University of Idaho - I Banner
A student works at a computer


U of I's web-based retention and advising tool provides an efficient way to guide and support students on their road to graduation. Login to VandalStar.

Research Is Catalyst for Top Grad Schools

Idaho Falls Chemistry Major’s Research Lands Awards and Invites

Article by Ralph Bartholdt, University Communications
Photos by Garrett Britton, University Visual Productions

As a homeschooler in Idaho Falls, Maddie Moody’s first scientific experiment included purple cabbage extract and vinegar.

When the liquid concoction turned pink, she cheered.

Moody was 5 years old when her love of chemistry was inspired by one particular instructor — her engineer mother who doubled as a stay-at-home teacher to Moody and her siblings.
Moody, a U of I senior majoring in chemistry, recently earned an invitation to Princeton University to which she traveled to visit with professors, check out the university’s chemistry program and generally mix with future colleagues and peers.

“It was amazing,” Moody said, and made possible by a decision Moody struck while she was in high school.

“My sibling went to college in Moscow, and I knew U of I had a great chemistry program,” she said. “I would not have these offers to attend graduate school if it had not been for the research background I got at U of I.”

Woman with curly hair wears safety glasses and a lab coat.
Madeline Moody, of Idaho Falls, who graduates Spring ’24 with a degree in chemistry, plans to attend graduate school to earn a doctorate.

After a distinguished stint at Compass Academy where she completed college courses through dual credit and exhausted the school’s chemistry coursework, Moody settled in at the College of Science. She was hired by lab services, the department that oversees, cleans and maintains lab equipment and products, and a year later joined the lab of Professor Ray von Wandruszka.

One of the services of the Wandruszka Lab includes chemical analysis of archaeological artifacts.

“We identify and characterize historical materials and artifacts that are sent to us by archaeologists from all across North America,” Moody said.

Researchers use gas chromatography and spectrometers — electronic equipment that identifies the composition, including the trace elements, of samples. The samples come from research institutions, state and federal agencies and museums involved in assessing historical materials.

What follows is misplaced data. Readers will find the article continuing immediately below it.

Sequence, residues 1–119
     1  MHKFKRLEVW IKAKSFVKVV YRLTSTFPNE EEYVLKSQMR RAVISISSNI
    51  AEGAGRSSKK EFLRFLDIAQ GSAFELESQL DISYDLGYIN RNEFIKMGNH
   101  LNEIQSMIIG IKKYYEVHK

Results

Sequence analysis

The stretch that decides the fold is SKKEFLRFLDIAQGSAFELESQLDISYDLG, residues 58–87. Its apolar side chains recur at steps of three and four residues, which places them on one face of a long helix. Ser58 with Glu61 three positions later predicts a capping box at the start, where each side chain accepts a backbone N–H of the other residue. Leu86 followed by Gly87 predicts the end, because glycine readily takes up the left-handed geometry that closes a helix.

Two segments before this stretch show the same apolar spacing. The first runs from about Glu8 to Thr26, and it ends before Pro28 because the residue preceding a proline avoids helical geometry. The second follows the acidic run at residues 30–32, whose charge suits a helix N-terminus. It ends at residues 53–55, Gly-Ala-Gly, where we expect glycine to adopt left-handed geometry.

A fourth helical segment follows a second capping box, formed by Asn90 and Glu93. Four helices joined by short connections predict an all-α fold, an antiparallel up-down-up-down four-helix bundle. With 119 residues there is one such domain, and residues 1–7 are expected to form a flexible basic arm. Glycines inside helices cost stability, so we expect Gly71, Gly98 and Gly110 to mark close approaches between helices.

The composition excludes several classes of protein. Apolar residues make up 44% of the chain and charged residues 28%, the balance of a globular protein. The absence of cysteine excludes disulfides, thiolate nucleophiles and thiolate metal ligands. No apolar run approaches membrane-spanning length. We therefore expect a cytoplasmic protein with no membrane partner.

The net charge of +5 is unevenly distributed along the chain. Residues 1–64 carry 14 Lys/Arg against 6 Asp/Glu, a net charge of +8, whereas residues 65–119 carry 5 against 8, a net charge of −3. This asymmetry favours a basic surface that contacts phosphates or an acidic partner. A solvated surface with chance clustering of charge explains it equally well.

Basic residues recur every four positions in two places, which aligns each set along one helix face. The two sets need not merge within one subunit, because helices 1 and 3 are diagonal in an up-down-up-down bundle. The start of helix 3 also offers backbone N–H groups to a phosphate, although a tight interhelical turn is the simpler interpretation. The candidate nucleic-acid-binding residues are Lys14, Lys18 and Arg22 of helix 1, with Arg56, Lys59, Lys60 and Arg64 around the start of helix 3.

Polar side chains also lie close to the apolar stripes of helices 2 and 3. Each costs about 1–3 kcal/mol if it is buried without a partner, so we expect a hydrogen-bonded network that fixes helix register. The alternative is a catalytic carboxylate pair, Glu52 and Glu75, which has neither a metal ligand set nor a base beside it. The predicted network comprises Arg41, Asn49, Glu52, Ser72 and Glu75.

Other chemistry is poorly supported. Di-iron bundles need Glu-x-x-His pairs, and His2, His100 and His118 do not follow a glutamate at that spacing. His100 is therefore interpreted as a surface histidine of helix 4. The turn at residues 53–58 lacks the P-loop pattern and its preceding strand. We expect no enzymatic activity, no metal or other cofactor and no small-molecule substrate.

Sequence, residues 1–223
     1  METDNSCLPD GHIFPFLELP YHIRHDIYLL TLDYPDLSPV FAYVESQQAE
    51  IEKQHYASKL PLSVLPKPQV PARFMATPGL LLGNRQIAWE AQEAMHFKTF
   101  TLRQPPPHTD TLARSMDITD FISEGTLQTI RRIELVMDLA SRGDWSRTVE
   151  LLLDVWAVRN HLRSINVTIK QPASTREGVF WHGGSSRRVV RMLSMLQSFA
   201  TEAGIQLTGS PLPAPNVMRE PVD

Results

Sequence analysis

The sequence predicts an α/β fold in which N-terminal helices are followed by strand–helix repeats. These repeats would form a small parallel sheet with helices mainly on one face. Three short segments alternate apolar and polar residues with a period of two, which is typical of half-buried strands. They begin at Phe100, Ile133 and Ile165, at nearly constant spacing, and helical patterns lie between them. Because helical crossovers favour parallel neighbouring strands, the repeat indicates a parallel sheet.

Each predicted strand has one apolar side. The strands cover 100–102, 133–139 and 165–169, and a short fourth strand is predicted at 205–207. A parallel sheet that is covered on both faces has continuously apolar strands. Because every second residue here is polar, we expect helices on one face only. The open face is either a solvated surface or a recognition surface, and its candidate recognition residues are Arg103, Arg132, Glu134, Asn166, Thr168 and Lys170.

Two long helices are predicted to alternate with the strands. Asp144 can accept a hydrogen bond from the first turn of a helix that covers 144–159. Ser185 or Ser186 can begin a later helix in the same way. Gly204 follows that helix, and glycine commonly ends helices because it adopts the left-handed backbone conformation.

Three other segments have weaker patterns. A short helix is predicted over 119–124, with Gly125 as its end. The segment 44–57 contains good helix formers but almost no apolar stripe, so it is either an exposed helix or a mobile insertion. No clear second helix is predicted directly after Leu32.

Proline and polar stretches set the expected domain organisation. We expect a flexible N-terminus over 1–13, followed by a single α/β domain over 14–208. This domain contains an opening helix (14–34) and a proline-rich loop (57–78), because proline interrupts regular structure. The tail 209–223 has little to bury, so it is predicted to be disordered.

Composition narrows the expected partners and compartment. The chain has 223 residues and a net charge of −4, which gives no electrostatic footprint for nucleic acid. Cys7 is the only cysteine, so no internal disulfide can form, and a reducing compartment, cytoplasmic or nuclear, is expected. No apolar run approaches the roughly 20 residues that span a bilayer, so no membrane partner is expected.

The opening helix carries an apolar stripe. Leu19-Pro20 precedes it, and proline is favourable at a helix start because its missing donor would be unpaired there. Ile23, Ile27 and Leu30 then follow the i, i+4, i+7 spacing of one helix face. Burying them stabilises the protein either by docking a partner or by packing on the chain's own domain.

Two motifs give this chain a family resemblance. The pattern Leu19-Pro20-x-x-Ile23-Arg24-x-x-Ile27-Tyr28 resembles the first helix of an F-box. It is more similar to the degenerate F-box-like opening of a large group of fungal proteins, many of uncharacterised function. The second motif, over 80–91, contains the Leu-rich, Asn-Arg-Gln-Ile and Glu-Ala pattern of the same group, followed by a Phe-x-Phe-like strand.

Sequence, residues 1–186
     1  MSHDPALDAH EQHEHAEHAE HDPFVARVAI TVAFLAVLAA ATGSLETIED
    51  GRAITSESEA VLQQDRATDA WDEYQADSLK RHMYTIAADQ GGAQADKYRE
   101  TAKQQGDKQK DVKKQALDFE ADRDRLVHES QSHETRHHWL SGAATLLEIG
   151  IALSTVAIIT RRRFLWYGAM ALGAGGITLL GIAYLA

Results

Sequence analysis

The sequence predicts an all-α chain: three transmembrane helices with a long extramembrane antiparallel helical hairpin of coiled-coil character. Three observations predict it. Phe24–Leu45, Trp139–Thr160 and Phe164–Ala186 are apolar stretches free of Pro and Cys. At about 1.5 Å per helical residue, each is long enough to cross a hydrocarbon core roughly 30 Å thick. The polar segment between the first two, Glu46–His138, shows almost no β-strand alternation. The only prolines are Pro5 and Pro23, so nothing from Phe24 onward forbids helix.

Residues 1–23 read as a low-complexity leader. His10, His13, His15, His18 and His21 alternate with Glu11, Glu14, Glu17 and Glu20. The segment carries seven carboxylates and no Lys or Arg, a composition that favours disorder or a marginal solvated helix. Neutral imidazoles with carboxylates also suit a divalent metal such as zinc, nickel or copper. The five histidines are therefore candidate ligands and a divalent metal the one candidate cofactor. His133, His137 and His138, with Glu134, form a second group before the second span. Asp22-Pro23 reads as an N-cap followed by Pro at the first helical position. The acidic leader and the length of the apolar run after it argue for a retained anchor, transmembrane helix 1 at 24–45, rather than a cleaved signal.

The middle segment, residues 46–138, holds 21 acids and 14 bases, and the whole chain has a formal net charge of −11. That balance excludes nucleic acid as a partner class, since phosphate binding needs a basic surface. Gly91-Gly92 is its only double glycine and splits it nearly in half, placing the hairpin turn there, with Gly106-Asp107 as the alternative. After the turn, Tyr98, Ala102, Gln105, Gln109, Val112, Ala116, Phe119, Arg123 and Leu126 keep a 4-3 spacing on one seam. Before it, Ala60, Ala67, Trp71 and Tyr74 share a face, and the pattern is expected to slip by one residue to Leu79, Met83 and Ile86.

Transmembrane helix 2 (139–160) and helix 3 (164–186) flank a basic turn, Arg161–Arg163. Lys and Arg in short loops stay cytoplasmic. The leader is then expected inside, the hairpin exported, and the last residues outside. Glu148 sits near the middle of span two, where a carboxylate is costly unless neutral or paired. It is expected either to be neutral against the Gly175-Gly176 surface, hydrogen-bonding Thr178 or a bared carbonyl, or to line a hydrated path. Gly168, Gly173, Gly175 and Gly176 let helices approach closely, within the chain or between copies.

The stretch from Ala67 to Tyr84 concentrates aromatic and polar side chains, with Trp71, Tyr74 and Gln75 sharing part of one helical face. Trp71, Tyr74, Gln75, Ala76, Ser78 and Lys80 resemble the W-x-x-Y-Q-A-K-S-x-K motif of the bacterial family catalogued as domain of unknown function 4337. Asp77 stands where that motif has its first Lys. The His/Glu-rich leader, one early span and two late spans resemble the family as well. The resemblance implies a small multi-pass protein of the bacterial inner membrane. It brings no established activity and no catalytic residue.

“We are usually asked to identify some unknown material in a bottle, or other container. It could be some sort of medicine used 100 years ago to cure a strange ailment,” she said.

Ray von Wandruszka

Department Chair & Professor

Renfrew Hall 116 & 331


Not accepting graduate students
Research: Humic materials; Archaeological chemistry

View Ray von Wandruszka's profile

Various test tubes and glassware in a chemistry lab.
After analyzing the contents of an old-time bottle in an archeochemistry lab, Moody learned it contained turpentine, a sticky, flammable, yellow-colored emulsion that comes from pine gum, and which is poisonous if swallowed.

I have really enjoyed working on a project that has a direct, positive effect on the environment. Maddie Moody, senior chemistry major

The researchers concluded the bottle contained an old motor oil.

“What it was doing in the privy, we couldn’t tell, of course,” he said.

On campus, Moody splits her time between Wandruszka’s lab and the lab of Professor Kris Waynant where her research focuses on developing molecules used to recycle metals from electronic waste, such as discarded computer components, which makes up a large portion of office-generated landfill garbage.

“The idea is to create molecules that bind strongly to valuable metals present in old electronics and dissolve them into solution,” Moody said.

Once they are in a solution the metals can be removed from the liquid by coating them onto a surface – a process called electroplating.

“We can then use electroplating to get those metals back out so they can be reused,” she said. “It could be a great way to recover valuable elements which is important for sustainability, something that’s really important to me.”

After receiving her bachelor’s in chemistry in Spring ’24 she plans to attend graduate school and earn a doctorate in organic chemistry.

“I am really passionate about the environment and sustainability in general, so I have really enjoyed working on a project that has a direct, positive effect on the environment,” Moody said. “As I continue doing research in graduate school and throughout my career, I hope to keep sustainability a primary focus of the projects I take part in.”

Since joining the College of Science Moody’s academic resume has included a number of awards including the Hill Undergraduate Research Fellowship, the Donald Gustafson Scholarship and the William and Shirley Maeck Scholarship. She also received the Malcolm and Carol Renfrew Chemistry Scholarship and the Donald Roberts Scholarship, and is a College of Science Ambassador.

The accolades are great, Moody said, but it’s really two factors that determined her path.

“I’m very lucky to have my mom who has empowered me to do this,” she said. “I don’t think I would have applied and gotten accepted to graduate schools like Princeton if it had not been for the inspiration of my professors, and the research I have done here at U of I.”

Kristopher Waynant

Associate Professor

Renfrew Hall 216B


Accepting graduate students
Research: Organic synthesis; C-linked glycosides; polymers; chemical education
View Kristopher Waynant's profile

Campus Locations

Physical Address:
Bruce M. Pitman Center
875 Perimeter Drive MS 4264
Moscow, ID 83844-4264

Phone: 208-885-6111

Fax: 208-885-9119